Project Description
This project is a custom site column for SharePoint that “freeze dries” .NET data structures and stores them in a column. Except for what is surfaced to the column rendering in the view, the data is “opaque” to the SharePoint API. By that I mean you can stuff just about anything you want into the column and get it back. So other than it being a cool demonstration of how to build a Site column, why would you want to use it, or help me make it better. I don’t know about you, but almost every project I have done needs to track data associated with items, that is not really SharePoint typed data, but needs to be associated with an item. Usually I end up creating an external table, linked on the item Guid, and it serves as a place to store things like workflow state, collections of other things to do, links to other systems, configuration data, audit information ,etc. Well I got tired of writing little SQL tables and procedures and started storing this type of stuff in XML in a Note field in SharePoint. Well that worked fine, except it was almost as cumbersome writing specific parsers to populate data structures as it was to put it in SQL. And, end users sometimes ended up seeing the data (by monkeying with views). So I set about to build a small framework for storing binary serialized data in a SharePoint field, that would render acceptably in list views, and on forms. What I ended up with was this project, called the FreezeDriedDataSiteColumn. Its current codebase lets you store just about anything (I even uploaded a 20 meg file as a byte array) and get it back in your code simply by casting the field to your type. It has a custom field definition, a pretty basic property configuration page and a few cute tricks for getting the custom properties to work in list views.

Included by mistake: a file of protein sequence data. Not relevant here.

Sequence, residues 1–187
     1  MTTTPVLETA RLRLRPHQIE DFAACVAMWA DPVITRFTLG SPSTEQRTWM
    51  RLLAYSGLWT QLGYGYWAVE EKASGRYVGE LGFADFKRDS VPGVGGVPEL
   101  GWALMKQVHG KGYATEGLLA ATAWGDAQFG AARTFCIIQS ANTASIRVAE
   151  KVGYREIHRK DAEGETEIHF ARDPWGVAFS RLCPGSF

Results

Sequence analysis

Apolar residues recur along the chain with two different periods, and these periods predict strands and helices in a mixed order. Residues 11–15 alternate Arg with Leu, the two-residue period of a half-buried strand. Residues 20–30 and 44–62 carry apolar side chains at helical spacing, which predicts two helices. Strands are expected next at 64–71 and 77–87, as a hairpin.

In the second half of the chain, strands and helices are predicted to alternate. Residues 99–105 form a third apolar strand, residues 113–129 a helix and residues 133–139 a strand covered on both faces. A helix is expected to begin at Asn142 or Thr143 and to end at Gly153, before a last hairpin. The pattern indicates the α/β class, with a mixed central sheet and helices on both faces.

The current codebase includes three projects. The primary project is the Version3.FreezeDriedSiteColumn, it is the site column, the field value and the property page. There is a post build event that installs it all on the current server. There is another project named SampleRenderer which shows you how to wire up a form rendering assembly that is called if you data every becomes visible on a SharePoint form. Its not very elegant yet, but it works. You don’t need a renderer if all of your work with your column is done in code. There is also a program called TestConsole which opens a list and freeze dries and reconstitutes data to exercise the project.
For now, there is not any documentation other than the code comments, I will try to get something out there in the next few weeks. I encourage anyone who wants to, to pitch in on the base project or just come up with and implement some typed columns. I plan on getting to a generic read/unread flag for users fairly soon.


Last edited Jun 12, 2008 at 11:48 PM by robginsburg, version 2